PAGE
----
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Autumn, 2014
Volume 40, Number 3
imageofweek From the Archive
In this 1996 image, children attend a festival in New York celebrating Greek heritage. (photo: Karen Lagerquist)
  
14 September 2011
Erin Edwards




Sister Lutgarda with Abel and Helen at Kidane Mehret Children’s Home in Addis Ababa, Ethiopia. (photo: Sister Christian Molidor, R.S.M.)

During her time with CNEWA, Sister Christian Molidor often provided personal and informative stories for our magazine. In the story Every Child Has a Name, she wrote of her experience visiting the Kidane Mehret Children’s Home in Addis Ababa, Ethiopia — a child-care facility enrolled in CNEWA’s Needy Child Sponsorship Program.

If Kidane Mehret did not exist, chances are many of the children would have been aborted or died from exposure. The Franciscan Sisters receive what the government considers “reject children.”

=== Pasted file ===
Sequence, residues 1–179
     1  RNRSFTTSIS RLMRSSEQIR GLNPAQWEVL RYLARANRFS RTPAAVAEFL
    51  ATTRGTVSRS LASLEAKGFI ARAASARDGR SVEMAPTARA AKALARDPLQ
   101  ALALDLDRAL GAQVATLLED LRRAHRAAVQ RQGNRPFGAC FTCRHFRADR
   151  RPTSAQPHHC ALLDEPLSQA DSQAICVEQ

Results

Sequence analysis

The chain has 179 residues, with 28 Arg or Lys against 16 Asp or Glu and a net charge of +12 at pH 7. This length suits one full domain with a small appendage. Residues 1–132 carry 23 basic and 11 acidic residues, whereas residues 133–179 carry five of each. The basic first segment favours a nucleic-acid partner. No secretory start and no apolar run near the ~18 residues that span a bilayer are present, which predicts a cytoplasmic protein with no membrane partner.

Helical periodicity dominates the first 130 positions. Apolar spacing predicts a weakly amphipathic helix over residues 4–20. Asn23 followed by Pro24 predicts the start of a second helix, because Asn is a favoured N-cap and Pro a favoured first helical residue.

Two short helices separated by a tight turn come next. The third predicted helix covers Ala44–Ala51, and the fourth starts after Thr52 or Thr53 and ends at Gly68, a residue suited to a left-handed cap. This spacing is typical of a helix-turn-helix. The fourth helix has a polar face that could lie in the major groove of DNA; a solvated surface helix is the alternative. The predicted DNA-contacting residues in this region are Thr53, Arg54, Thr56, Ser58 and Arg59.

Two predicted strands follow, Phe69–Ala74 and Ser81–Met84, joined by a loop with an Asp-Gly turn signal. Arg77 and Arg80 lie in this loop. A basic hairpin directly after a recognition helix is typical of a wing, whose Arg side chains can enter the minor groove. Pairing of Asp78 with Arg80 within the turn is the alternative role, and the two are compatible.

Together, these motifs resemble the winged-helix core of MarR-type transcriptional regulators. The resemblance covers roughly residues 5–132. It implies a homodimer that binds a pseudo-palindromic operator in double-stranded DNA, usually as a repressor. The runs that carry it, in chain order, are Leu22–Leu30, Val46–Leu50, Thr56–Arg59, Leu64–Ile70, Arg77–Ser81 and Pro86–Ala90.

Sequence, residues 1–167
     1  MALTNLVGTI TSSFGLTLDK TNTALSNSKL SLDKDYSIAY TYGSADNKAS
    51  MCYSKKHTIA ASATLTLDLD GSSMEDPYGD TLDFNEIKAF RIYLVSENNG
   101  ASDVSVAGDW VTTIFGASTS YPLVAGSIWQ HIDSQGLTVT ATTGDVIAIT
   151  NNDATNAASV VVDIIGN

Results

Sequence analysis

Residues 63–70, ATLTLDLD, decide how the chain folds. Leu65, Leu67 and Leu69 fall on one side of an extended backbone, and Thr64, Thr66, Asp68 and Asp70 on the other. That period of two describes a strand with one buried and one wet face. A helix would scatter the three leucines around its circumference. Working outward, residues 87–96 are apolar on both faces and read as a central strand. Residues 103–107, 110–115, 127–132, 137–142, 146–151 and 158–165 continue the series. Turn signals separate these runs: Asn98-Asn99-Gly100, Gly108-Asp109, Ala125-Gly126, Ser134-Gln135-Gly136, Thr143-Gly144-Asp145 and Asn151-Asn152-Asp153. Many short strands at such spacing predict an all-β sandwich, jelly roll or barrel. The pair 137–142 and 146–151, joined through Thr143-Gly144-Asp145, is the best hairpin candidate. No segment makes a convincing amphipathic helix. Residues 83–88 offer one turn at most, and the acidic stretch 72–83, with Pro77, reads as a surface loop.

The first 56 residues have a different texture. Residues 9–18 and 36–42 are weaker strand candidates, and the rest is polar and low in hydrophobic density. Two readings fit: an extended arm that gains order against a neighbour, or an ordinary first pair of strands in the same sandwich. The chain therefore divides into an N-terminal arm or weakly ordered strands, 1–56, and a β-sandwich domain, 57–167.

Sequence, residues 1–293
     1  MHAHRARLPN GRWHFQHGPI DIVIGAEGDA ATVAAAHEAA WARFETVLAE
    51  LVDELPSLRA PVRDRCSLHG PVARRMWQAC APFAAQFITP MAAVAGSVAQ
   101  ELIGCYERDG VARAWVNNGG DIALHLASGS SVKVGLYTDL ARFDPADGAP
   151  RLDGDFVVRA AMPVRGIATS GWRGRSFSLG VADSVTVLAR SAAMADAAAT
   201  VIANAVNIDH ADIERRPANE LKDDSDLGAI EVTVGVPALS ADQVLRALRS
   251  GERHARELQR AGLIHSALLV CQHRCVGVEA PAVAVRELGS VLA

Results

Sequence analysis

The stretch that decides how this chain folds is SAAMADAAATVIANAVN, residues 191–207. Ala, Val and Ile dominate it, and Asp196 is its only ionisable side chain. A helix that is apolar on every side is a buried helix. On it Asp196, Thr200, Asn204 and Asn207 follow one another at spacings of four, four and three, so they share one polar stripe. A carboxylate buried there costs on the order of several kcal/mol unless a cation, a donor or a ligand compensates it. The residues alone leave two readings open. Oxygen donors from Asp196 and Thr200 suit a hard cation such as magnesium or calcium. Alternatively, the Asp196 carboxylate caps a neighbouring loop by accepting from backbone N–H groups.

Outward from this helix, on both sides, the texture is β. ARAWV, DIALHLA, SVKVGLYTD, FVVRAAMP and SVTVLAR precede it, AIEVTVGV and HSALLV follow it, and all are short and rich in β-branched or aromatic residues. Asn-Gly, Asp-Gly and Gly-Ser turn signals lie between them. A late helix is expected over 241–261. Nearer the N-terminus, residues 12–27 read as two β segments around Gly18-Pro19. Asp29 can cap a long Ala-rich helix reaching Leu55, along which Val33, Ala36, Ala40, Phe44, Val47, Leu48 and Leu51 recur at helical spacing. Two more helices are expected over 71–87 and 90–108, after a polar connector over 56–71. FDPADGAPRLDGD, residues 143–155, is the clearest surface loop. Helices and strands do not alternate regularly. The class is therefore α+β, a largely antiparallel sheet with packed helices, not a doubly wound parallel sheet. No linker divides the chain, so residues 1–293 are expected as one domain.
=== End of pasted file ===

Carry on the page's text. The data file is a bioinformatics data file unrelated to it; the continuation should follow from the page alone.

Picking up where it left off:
My first visit to Kidane Mehret was to gain an overview of the orphanage and its children. Besides caring for 90 children, the sisters also provide meals twice a week for more than 150 displaced persons from the surrounding area, mostly women and children. Many of the displaced women reciprocate, working in the kitchen, preparing food and serving.

How do the children come to Kidane Mehret? They are often illegitimate. In Ethiopia, the shame of bearing an illegitimate child remains strong. Many children are just left at the gate of the orphanage. Sister Lutgarda told me about a small, very ill boy who was thrown over the fence into the garden. When the gardener went to work the next morning, his first thought was to scold the children for throwing their clothes in the garden. Then the tiny boy started to cry. He was taken into the orphanage. After much difficulty, Sister Lutgarda received government certification for the boy — without such certification, he cannot be adopted.

For more about the Kidane Mehret Children’s Home in Ethiopia check out the September/October 2001 issue of the magazine.



Tags: Ethiopia Sisters Africa Orphans/Orphanages